Wharton: Architect Ron Molen's subdivision homes stand test of time
West Valley City • Utah architect Ron Molen might be retired, but for those who live in the interesting homes he designed more than 45 years ago for the Westshire neighborhood in the center of the Salt Lake Valley, his legacy is celebrated daily.
"Every morning I think how lucky I am to be waking up in such a beautiful house, and every time I go away, I am thankful to come home to a place I love so intensely," wrote homeowner Alice Reis in a 2008 letter to Molen. "I know that real estate people preach 'location, location, location' but our mantra has become 'architect, architect, architect.' Your houses have stood the test of time and have retained their charm and their individuality."
Reis and her husband Bob have lived in the 160-home Westshire neighborhood just south of the Valley Fair Mall for 12 years. Rich Carter, who sold the homes for contractor Vern Hardman when prices began at $24,000 in the '60s has lived in his for 39 years. Long-time resident Judi Morrell described herself as "an Avenues brat who never envisioned moving out to West Valley" but fell in love with the neighborhood when she attended a home show more than 35 years ago.
The well-kept homes are definitely not the same-looking tract variety seen in so many modern subdivisions. That's why some have been featured in Better Homes and Gardens magazine and the entire neighborhood was included on a Utah Heritage Foundation tour a few years ago.
Though most use cedar wood, some have brick facades. A few, like the Reis home, have vaulted ceilings. Others have flat roofs.
Carter's home features an inside atrium, built-in beds, an aggregate cement floor and a sunken conversation area near a fireplace where he, his wife and five children often gathered.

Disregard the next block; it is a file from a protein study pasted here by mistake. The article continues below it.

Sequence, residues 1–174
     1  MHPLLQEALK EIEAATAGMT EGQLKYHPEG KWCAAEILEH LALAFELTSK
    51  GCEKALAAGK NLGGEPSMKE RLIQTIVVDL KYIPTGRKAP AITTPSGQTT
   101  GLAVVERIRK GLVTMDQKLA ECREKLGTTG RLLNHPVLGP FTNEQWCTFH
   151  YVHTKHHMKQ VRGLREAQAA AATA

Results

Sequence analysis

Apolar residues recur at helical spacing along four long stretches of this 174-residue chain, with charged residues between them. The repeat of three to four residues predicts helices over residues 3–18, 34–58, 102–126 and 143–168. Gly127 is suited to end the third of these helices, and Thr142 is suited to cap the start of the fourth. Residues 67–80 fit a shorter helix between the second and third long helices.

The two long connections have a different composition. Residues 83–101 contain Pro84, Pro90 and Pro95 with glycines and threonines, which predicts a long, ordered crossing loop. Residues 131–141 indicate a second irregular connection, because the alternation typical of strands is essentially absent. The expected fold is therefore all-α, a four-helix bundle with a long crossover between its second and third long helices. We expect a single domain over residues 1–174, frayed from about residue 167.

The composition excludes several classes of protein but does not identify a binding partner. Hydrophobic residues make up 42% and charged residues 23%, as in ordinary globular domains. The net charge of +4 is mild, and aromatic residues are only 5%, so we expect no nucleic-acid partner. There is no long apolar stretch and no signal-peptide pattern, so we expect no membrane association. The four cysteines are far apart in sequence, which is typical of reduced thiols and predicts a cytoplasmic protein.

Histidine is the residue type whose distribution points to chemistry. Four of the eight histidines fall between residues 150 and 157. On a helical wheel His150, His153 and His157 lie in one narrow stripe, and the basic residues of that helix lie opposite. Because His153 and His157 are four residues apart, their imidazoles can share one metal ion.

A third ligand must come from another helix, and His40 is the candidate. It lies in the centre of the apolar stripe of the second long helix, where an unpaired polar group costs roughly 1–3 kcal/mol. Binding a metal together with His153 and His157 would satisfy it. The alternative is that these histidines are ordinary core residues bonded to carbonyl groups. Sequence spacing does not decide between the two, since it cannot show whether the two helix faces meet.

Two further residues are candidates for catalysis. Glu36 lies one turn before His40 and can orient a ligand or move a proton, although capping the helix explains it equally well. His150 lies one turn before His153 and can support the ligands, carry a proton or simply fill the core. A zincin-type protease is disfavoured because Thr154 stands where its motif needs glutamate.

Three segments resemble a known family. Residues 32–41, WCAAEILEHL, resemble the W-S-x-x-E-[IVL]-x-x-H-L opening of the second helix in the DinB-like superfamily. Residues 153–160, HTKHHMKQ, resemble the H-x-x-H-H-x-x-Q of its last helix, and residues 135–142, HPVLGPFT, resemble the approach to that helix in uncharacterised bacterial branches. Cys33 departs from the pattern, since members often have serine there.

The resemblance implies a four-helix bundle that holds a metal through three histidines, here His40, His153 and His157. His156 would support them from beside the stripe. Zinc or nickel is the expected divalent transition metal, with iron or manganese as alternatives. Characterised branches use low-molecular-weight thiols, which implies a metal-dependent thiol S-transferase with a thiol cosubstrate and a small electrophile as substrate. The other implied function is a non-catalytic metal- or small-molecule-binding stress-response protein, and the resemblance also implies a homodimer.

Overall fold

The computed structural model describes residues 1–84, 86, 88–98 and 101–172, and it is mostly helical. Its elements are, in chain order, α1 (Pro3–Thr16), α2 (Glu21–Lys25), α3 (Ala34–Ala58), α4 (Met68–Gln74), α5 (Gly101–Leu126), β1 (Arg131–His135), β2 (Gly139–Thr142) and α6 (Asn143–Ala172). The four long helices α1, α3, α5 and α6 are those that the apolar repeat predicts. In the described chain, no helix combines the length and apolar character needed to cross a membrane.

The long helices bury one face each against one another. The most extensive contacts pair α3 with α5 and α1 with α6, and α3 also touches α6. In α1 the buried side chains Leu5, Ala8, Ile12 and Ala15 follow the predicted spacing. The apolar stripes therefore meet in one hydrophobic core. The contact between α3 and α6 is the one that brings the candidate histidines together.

"The idea was that you have a natural kind of primitive gathering place," said Molen, now in his 80s, who lives in Sugar House. "That was usually around a fireplace. That goes back a long time, where people would gather around a fire. Even though that doesn't sound like much, a lot of houses don't have a great place for a family to gather. If they don't have a place, it might not happen."
Molen's homes included bits of whimsy. Some had a fire pole in addition to stairs. One had a slide next to basement stairs. Carter pointed to a bed hidden in a look nook between the garage and a family room that would be impossible to see if you didn't look.
"What I noticed in the zoo was that chimps have much more stimulating environments than homo sapiens," said the architect. "We tried to create a little more stimulating environment for kids. We raised the bed off the ground four feet and put a hobby closet underneath. A small kid could fit under there and do projects. The room didn't end up a mess."
Molen praised Hardman and his Research Homes for having the vision to build quality homes with a more unique look.
"What we wanted to do is to provide well designed homes that were architectural and not builder-designed," he said. "Builders tend to copy each other. We wanted to do something unique...We came up with the idea of creative family living. We designed houses that were interesting for basic family living. That doesn't sound terribly unique. A lot of houses were designed to be flashy and a symbol of wealth. That was not what we were after at all."
Driving through the well-kept neighborhood filled with mature trees and homes that all look unique, one thing you don't see is many "For Sale" signs. People buy one of these homes and stay in them. A neighborhood association publishes a blog and holds an annual fundraiser to maintain flowers and signs off 2700 West that lead into the development.
The homes are designed to stand the test of time. Cedar requires stain about every 15 years or so, but holds up against the elements. The wood design would be stronger in an earthquake and, sitting in the Reis' living room, the quiet is the first thing that strikes you.
Anyone who thinks that all subdivisions are created equal needs to pay a visit to Westshire.